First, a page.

Geological structural framework Structures

Figure 18

Figure 18 Subdivisions of the Gunnedah Basin

The subdivisions were initially proposed in Tadros (1988). The major Mullaley Sub-basin is subdivided here into the Bellata, Bohena and Bando troughs. Subsequent exploration has highlighted issues with these subdivisions. The Walla Walla Ridge (WWR) and Narrabri High (NH) are possibly not quite such significant internal structures as initially proposed (UPCS, 2000). The Pillaga Trough has no Gunnedah Basin fill and the western boundary of the basin has been revised eastwards.

Source: Figure 1 in Othman and Ward (2002). This figure is not covered by a Creative Commons Attribution licence. It has been reproduced with permission from Elsevier.

The most prominent geological structure in the Namoi river basin is the Mooki Thrust (Figure 18), a constituent of the Hunter-Mooki Thrust System which forms the eastern boundary of the Bowen–Gunnedah–Sydney Basin system (Collins, 1991). These major faults are conceptualised as having been hard-linked to the westward propagating retroforeland thrust belt of the New England Orogen to the east (Korsch et al., 1997; Korsch, 2004). No evidence has been found to demonstrate that these faults are reactivated normal faults, in contrast to structures further west (Korsch and Totterdell, 2009a).

Gravity data reveals north-south oriented troughs and ridges in the Gunnedah Basin which have been cited as evidence for folding in front of the Hunter-Mooki Thrust System. However, it is possible that these large-scale troughs represent the Lower Permian topographic experession of initial rifting of the Gunnedah Basin (Korsch and Totterdell, 2009b). Anticlinal structures in the Gunnedah Basin related to episodic inversion of the basin throughout the Permian and into the Lower Triassic have been documented from seismic evidence. To some extent fault reactivation has also continued into the Cenozoic with Surat Basin sedimentary rocks being folded and faulted, although penetration by reactivated faults is not extensive (Korsch and Totterdell, 2009a).

Recent work has overlooked transpression as being the driving mechanism for the Cenozoic structures (Korsch et al., 2009b). Anticlines within the Permian Gunnedah Basin sequence are mostly oriented northeast-southwest. These may be intersected by minor normal faults with displacements locally exceeding 150 m, which strike perpendicular to anticlinal hinges. These orientations provide evidence for the former existence of a transpressional tectonic system postdating the Triassic (Stewart and Alder, 1995).

Information on the location and characteristics of faults that structurally disrupt the Gunnedah Basin rock strata in the Namoi subregion is available from several sources. Existing state-wide geology maps indicate that a sub-parallel network of north-west oriented faults occur in the southern part of the subregion. The OZSEEBASE dataset (FrogTech, 2006; FrogTech, 2013) currently provides the most comprehensive interpretation of structures in the Namoi subregion and shows a complex network of sub-parallel and cross-cutting faults, particularly in the eastern half where the rocks of the Gunnedah Basin occur at or close to the surface (Figure 19, Figure 20). The most intense faulting occurs in a zone adjacent to the Hunter-Mooki Thrust Fault, which is a major basement structure that coincides with the eastern boundary of the subregion. Many of these faults have distinct sub-linear surface expressions that run parallel with the dominant north-north-west structural trend. Deeper faults further west of this zone are interpreted based on geophysical data (magnetics and gravity), as there is scant outcrop of the Gunnedah Basin rocks in the region due to extensive cover of younger sedimentary strata, such as those of the overlying Surat Basin. The most common fault types in the Namoi subregion are thrust faults (36%), transfer faults (20%), and strike-slip faults with dominantly sinistral movement (20%).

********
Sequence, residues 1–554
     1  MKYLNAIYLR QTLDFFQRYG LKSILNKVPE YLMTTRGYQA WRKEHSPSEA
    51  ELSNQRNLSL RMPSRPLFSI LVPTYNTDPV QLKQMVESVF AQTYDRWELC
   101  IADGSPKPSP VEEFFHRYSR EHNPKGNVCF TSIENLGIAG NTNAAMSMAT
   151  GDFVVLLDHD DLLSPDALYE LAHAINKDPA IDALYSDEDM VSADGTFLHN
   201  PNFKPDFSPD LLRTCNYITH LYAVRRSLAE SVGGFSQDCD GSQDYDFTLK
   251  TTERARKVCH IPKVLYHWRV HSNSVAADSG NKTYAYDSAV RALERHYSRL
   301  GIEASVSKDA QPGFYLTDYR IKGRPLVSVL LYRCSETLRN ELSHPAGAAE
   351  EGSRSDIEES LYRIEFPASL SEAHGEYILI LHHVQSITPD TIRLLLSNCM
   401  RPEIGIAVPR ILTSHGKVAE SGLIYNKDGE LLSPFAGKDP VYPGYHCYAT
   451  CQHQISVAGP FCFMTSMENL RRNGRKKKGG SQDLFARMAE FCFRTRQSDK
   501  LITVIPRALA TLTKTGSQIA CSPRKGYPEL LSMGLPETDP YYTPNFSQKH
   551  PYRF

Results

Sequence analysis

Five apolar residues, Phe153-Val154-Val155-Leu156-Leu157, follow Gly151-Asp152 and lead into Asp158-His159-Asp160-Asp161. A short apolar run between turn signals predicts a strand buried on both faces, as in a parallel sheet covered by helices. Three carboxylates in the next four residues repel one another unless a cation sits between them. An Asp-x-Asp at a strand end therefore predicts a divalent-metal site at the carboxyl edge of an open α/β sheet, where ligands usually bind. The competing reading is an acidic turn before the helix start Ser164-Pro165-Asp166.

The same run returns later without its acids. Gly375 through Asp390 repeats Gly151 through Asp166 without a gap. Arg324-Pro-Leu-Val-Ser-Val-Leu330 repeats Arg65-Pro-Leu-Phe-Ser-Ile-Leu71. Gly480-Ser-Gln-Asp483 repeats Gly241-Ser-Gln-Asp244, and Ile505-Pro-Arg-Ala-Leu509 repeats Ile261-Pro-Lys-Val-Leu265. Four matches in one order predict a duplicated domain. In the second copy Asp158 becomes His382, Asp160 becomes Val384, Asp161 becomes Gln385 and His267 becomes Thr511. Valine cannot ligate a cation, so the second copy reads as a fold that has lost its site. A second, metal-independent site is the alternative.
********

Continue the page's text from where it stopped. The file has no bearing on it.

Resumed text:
Figure 19

Figure 19 Inferred geological faults in the Namoi subregion by the source of information used to determine them

Source data: (i) FrogTech (2006) and (ii) FrogTech (2013)

Figure 20

Figure 20 Inferred geological faults in the Namoi subregion by fault type

Source data: (i) FrogTech (2006) and (ii) FrogTech (2013) In situ stress

During the 1990s, Hillis et al. (1999) (and references therein) compiled an extensive, Australia-wide database of in situ stress measurements. The measurements were obtained from sites across Australia, including areas of the Bowen and Sydney basins. No data are available for the Gunnedah Basin specifically, but maximum stress directions for the nearby Sydney Basin are mainly oriented north-northeast, north-east, and east-west. Compared to the Bowen Basin, stress directions in the Sydney Basin are more varied, suggesting that local features, such as density contrasts and structures, significantly influence stress orientations. This is particularly true for the Hunter Coalfield of the Sydney Basin, just south of the Gunnedah Basin, where stress orientations are bimodal (Hillis et al., 1999).

The Geoscience Australia earthquake database indicates that there has been no significant neotectonic activity in the region of the Namoi river basin. No earthquakes exceeding 1.5 magnitude have been recorded in the database for the area.

Last updated:
5 January 2018